Warning: It’s absolutely impossible to discuss this volume without diving into spoiler territory. Fans caught up with the manga need not heed this warning, but if you’re only following the volume releases, go grab this already!
Our first My Hero Academia review opens with some regret on my part, as we began reviewing manga the month after Volume 10 came out. See, I firmly believe the events surrounding Bakugo’s kidnapping and the confrontation with All For One remain the very best the series has to offer, and I say that despite agreeing with the observation that My Hero Academia has yet to forge a series-defining arc. Perhaps that’s due to the series’ snappy pacing — barring the just-ended Yakuza arc, we never stay in any scenario for too long — but thanks to that, volume 11 jumps headfirst into the fated showdown between All Might, the world’s greatest hero, and All For One, the nemesis responsible for All Might’s career-threatening injury and the murder of his mentor.
The entirety of Kohei Horikoshi’s My Hero Academia hitherto has been the molding of protagonist Izuku “Deku” Midoriya into All Might’s successor as the world’s greatest hero, an arc that finally concludes as of this volume. All Might emerges victorious, but not before the embers of his already-declining One For All powers finally deplete, and the reality of his shriveled, weakened body is exposed to the world. The world has not just lost its key force in combating the League of Villains; it has lost the symbol of peace, and not even All For One’s capture and Bakugo’s rescue at the hands of Midoriya and his classmates — a covert operation that may very well have cost their hero licenses — is enough to wipe away the shame of this loss.
Even worse, they may not have even achieved that: All For One’s trump card wasn’t forcing All Might to reveal his true form to the public, but that he had groomed Tomura Shigaraki as the League of Villains’ future leader for one sole reason: he is the grandson of Nana Shimura, All Might’s mentor. This revelation is enough to shatter our hero’s willpower and pride, and so all seems lost…that is, until a lone voice behind him — the trapped woman he had sacrificed his identity for — tearfully cries out what the public has known all along: he can beat him.
Any shock over his withered form from the battle’s live-footage has already blown over: his features have withered, his face is a mess, and his muscles are gone, but the public is unaware of his inner torment; nay, they see only him standing up to All For One in spite of his wilted state, and what further proof do they need that he’s still their pillar of justice? Even after he and the rest of the heroes lost face in the barrage of villain attacks and kidnappings, they put their faith in him in the series’ most adrenaline-inducing scene, where they publicly cheer for his victory. All Might may have lost Shigaraki, but the civilian pleas close out his career with the most reminder of all: there will always be countless others to protect, a task he entrusts to young Midoriya.
The aftermath of his retirement has far-reaching consequences, be it Midoriya’s tears upon finally realizing his idol’s days are over and Bakugo’s unusually cool-headed demeanor capturing our attention, but none are more heartbreaking than that of Midoriya’s mother. In her refusal in sending Midoriya to U.A. Academy dorms, All Might fully realizes his failure as a teacher: Midoriya’s admiration had clouded not just the harsh reality of One For All’s acclimation (can you blame his mother for all his broken bones?), but led to the mistake of crafting a clone in his No. 1 fan. Midoriya has his own path to follow in becoming the new symbol of peace, and that’s not as the burly, punchy All Might 2.0, but as the green-clad Deku.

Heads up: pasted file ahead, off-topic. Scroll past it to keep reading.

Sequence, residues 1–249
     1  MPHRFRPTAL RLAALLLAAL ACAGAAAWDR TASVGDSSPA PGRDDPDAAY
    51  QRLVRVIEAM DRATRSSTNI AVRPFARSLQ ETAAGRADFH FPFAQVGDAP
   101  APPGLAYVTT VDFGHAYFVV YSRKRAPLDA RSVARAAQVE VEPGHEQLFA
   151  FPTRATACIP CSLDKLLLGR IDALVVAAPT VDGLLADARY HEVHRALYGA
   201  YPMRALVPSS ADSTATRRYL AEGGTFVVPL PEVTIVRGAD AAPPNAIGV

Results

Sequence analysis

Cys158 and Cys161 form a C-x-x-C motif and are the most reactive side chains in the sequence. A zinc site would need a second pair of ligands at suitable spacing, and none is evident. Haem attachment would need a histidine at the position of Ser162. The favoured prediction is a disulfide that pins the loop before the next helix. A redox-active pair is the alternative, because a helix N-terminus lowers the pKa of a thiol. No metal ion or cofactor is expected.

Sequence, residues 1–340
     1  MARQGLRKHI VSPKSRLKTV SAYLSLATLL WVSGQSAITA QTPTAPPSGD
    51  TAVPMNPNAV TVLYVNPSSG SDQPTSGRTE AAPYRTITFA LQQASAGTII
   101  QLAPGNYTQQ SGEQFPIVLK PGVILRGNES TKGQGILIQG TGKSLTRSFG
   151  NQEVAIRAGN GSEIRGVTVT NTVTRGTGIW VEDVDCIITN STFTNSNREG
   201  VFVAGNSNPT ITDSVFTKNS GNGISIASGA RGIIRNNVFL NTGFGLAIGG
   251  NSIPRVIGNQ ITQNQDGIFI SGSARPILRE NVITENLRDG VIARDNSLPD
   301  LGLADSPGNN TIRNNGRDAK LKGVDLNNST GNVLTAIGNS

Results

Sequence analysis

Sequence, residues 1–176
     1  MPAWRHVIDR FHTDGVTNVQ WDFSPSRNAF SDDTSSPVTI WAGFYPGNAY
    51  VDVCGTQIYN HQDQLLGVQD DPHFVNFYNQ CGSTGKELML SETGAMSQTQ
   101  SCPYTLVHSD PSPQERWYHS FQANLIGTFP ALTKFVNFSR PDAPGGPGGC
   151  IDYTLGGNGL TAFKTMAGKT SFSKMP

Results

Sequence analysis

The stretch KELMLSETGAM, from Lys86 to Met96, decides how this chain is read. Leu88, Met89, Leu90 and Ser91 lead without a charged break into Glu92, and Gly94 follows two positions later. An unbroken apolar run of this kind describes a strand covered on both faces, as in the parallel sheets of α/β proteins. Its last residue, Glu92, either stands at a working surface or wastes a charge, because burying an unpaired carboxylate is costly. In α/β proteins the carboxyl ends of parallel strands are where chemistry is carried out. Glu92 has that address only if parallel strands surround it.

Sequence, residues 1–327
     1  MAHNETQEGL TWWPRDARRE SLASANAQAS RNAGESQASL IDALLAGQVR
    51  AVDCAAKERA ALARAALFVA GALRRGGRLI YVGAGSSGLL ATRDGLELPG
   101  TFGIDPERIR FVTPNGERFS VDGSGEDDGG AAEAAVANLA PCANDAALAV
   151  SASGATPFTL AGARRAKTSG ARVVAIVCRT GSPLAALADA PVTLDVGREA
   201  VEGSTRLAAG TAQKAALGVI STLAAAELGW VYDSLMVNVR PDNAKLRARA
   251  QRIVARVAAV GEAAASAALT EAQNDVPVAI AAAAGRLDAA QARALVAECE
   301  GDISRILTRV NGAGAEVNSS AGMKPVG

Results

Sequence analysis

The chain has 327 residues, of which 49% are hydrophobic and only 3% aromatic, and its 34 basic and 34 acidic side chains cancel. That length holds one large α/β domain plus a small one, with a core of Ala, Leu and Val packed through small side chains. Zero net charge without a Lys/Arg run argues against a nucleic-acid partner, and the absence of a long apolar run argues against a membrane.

Naturally, none of these events would be nearly as effective were it not for Horikoshi’s art. We’ve witnessed his expertise at gushed tears and faces clenched with passion and desperation before, but none are nearly as harrowing as the agony and despair on display with All Might’s exposure to the public and his near-breakdown. From the very beginning, his true form of skin and bones was meant to evoke pity, and that there’s yet to be a reaction more dismal than to the Shigaraki reveal compels one to wonder if Horikoshi designed this form for this very moment. (However, while we’re on the subject of art, the arrow accompanying Jiro’s “Deep Dope” shirt is…uh, ill-thought-out, to say the least)
Of course, it’s not all doom and gloom: by the volume’s end, the students of Class 1-A settle into their dorms and host a contest deciding who has the best room. Some are utterly plain, others reveal bizarre quirks like Iida’s endless supply of glasses, and Mineta’s room is skipped entirely because he is a creepy pervert. Filler? Perhaps, but with the constant melodrama throughout the volume, My Hero Academia‘s excellent humor makes for a relieving segue, and while Tsuyu’s confession shows not everyone, her apology and the comfort from her classmates ends the volume on hope for the future.
The sun may have set on All Might’s era, but in his own words, it’s now Deku’s turn, and I look forward to further discovering how he becomes the world’s greatest hero.
(And to cap this review out, I should mention a certain discovery we learn within the volume’s character sketches; specifically, the one for Midoriya’s mother, where we learn that Midoriya’s father is neither dead nor estranged, but simply working abroad. I’d already thought it odd he’s yet to be so much as mentioned, yet this one scant detail opens the door for a realm of possibilities, and I refuse to believe he won’t play a role. Could he be a hero? A villain? Something else? Don’t leave us in suspense, Horikoshi-sensei!)
Final Verdict: 5/5
This review was based on a review copy provided by VIZ Media.